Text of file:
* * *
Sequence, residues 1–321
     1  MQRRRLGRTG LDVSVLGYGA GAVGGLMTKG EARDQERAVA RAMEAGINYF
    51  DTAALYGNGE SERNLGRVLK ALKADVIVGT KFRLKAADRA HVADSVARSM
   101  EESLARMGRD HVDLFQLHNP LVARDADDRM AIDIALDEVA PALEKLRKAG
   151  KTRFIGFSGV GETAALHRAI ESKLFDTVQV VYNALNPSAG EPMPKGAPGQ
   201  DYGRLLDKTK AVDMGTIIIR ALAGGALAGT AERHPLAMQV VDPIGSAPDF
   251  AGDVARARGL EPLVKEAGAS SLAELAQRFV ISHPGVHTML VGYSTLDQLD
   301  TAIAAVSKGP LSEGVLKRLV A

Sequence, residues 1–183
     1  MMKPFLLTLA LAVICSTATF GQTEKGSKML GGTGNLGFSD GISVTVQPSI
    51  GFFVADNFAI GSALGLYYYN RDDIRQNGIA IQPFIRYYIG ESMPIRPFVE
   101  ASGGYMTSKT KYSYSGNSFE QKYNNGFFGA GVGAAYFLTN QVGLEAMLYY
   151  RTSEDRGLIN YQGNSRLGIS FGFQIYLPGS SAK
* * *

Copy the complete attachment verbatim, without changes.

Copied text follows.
Sequence, residues 1–321
     1  MQRRRLGRTG LDVSVLGYGA GAVGGLMTKG EARDQERAVA RAMEAGINYF
    51  DTAALYGNGE SERNLGRVLK ALKADVIVGT KFRLKAADRA HVADSVARSM
   101  EESLARMGRD HVDLFQLHNP LVARDADDRM AIDIALDEVA PALEKLRKAG
   151  KTRFIGFSGV GETAALHRAI ESKLFDTVQV VYNALNPSAG EPMPKGAPGQ
   201  DYGRLLDKTK AVDMGTIIIR ALAGGALAGT AERHPLAMQV VDPIGSAPDF
   251  AGDVARARGL EPLVKEAGAS SLAELAQRFV ISHPGVHTML VGYSTLDQLD
   301  TAIAAVSKGP LSEGVLKRLV A

Sequence, residues 1–183
     1  MMKPFLLTLA LAVICSTATF GQTEKGSKML GGTGNLGFSD GISVTVQPSI
    51  GFFVADNFAI GSALGLYYYN RDDIRQNGIA IQPFIRYYIG ESMPIRPFVE
   101  ASGGYMTSKT KYSYSGNSFE QKYNNGFFGA GVGAAYFLTN QVGLEAMLYY
   151  RTSEDRGLIN YQGNSRLGIS FGFQIYLPGS SAK